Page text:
Popular Latina Fiction and Americanization in the Twenty-First Century
This study illuminates how discourses of Americanization, ethnicity, gender, class, and especially commodification shape the genre of “chica lit,” that is, chick lit written by Latina authors with Latina characters. Chica lit is produced and marketed in the same ways as contemporary romance and chick lit fiction, and aimed at an audience of twenty- to thirty-something, upwardly mobile Latina readers. Tace Hedrick argues that Its stories about young women’s ethnic class mobility and gendered romantic success tends to celebrate twenty-first century neoliberal narratives about Americanization, hard work, and individual success. However, its focus on Latina characters necessarily inflects this celebratory mode: the elusiveness of what chica lit means when it used the actual term “Latina” tends to homogenize the differences among and between Hispanophone heritage peoples in the United States.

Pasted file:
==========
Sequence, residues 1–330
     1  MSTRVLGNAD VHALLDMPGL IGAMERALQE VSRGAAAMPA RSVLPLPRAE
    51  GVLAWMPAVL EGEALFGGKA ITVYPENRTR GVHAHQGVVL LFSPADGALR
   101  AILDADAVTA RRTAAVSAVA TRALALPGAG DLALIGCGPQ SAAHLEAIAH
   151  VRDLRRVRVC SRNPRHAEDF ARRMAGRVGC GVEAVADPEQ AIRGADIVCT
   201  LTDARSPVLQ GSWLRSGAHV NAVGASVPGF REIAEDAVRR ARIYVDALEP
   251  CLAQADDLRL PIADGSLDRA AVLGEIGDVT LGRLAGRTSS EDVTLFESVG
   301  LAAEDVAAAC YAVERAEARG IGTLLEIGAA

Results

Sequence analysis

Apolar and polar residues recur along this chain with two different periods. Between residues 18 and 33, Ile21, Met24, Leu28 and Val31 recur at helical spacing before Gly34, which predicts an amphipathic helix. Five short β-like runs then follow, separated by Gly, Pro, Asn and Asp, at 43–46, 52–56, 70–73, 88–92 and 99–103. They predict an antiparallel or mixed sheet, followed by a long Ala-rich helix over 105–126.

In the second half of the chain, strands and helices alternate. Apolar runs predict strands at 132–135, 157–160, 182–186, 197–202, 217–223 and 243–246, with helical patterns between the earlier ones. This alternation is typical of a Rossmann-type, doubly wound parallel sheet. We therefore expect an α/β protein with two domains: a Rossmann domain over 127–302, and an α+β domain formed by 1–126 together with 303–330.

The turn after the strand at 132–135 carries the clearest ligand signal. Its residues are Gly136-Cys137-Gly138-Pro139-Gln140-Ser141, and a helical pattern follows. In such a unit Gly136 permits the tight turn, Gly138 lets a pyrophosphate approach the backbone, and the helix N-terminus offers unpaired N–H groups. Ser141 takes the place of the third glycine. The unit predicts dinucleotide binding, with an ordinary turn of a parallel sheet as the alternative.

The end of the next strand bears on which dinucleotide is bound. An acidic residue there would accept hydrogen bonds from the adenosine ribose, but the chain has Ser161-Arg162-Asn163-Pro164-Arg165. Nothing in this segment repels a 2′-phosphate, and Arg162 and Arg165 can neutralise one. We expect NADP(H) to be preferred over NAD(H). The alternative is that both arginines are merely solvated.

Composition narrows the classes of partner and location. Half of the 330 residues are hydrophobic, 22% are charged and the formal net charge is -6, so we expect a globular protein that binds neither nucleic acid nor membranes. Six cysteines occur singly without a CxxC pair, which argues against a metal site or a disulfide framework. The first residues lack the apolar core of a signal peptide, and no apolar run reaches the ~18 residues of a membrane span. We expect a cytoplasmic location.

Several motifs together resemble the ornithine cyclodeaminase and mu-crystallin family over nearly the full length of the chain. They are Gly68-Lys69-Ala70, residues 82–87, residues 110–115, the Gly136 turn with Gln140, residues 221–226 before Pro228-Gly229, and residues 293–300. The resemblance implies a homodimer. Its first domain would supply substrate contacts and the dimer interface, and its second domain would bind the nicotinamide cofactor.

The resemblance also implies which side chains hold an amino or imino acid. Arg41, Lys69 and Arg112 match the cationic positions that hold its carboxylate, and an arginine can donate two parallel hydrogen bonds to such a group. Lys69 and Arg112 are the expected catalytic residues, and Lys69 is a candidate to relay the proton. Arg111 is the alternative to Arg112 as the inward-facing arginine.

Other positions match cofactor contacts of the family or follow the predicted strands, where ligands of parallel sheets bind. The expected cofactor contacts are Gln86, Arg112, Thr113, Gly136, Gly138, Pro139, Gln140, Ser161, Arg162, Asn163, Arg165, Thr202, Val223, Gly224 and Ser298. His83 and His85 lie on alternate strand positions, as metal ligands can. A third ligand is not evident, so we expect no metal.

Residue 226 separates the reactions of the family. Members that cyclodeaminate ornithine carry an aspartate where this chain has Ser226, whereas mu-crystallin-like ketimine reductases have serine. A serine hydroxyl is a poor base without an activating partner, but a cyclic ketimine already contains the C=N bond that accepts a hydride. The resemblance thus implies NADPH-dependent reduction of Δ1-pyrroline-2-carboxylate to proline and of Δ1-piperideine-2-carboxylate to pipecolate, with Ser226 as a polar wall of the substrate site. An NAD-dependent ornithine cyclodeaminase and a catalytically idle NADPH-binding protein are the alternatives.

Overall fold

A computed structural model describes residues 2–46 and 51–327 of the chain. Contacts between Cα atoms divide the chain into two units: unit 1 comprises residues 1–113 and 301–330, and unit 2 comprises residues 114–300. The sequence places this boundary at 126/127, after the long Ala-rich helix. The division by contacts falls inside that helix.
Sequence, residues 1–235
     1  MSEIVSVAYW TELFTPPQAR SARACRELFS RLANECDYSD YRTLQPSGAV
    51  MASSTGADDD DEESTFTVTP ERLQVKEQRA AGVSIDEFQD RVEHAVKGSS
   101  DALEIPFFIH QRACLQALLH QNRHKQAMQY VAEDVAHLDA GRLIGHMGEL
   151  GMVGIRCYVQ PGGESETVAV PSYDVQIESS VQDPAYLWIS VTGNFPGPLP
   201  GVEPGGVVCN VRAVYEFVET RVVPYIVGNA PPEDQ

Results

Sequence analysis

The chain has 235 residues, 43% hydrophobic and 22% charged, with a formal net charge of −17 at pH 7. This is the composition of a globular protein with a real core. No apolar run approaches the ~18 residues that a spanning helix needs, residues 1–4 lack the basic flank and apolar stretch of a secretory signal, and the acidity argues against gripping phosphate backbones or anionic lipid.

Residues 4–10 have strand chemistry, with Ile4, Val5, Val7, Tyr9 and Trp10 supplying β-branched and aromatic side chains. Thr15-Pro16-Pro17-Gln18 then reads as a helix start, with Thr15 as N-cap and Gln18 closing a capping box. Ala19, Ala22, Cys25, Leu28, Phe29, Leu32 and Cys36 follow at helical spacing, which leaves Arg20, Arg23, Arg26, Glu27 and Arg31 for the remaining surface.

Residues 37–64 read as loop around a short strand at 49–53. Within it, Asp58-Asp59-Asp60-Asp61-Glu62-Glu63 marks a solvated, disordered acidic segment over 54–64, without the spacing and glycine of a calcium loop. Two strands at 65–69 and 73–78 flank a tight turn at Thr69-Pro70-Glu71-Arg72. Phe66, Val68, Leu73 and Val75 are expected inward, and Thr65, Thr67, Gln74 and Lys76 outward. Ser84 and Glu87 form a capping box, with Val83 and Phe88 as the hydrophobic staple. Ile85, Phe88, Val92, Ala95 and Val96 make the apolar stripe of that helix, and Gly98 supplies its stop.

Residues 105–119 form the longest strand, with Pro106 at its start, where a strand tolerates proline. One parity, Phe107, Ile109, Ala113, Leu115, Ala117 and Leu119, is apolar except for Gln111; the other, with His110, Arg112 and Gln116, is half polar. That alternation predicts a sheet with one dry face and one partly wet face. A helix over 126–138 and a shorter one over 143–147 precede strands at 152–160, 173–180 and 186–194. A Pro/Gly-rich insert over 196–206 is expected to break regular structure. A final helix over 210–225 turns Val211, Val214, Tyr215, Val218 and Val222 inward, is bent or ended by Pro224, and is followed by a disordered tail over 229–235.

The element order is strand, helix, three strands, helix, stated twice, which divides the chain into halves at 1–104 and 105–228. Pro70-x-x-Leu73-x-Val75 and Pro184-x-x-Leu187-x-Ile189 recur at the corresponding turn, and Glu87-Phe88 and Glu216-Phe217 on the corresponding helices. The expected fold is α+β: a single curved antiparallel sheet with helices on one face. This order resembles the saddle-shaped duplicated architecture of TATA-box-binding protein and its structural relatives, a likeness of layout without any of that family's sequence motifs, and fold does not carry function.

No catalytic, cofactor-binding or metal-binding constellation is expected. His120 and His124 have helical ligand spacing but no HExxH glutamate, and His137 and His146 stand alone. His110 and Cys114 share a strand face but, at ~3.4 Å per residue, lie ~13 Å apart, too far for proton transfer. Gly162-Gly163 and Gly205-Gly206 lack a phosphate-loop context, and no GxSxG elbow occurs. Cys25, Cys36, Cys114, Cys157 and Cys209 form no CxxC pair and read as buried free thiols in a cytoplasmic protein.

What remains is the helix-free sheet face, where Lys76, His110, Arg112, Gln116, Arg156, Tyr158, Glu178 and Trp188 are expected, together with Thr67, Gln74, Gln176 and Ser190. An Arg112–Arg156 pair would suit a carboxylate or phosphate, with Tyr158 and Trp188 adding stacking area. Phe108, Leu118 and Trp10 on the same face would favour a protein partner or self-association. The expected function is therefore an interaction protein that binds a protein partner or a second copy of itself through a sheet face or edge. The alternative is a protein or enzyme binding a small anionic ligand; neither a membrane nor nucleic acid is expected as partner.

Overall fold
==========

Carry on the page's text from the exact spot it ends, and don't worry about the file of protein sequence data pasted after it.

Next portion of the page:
Of necessity, chica lit also struggles with questions about the actual social and economic “place” of Latinas and Chicanas in this same neoliberal landscape; these questions unsettle its reliance on the tried-and-true formulas of chick lit and romance writing. Looking at chica lit’s market-driven representations of difference, poverty, and Americanization show how this particular popular women’s fiction functions within the larger arena of struggles over the representation of Latinas and Chicanos in the United States.